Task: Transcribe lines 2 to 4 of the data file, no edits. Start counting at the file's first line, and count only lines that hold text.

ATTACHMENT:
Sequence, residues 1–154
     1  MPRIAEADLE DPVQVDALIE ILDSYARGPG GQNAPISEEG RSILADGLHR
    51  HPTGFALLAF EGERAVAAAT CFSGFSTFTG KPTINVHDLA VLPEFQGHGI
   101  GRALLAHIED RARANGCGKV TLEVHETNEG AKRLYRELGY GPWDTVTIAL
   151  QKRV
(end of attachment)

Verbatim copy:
     1  MPRIAEADLE DPVQVDALIE ILDSYARGPG GQNAPISEEG RSILADGLHR
    51  HPTGFALLAF EGERAVAAAT CFSGFSTFTG KPTINVHDLA VLPEFQGHGI
   101  GRALLAHIED RARANGCGKV TLEVHETNEG AKRLYRELGY GPWDTVTIAL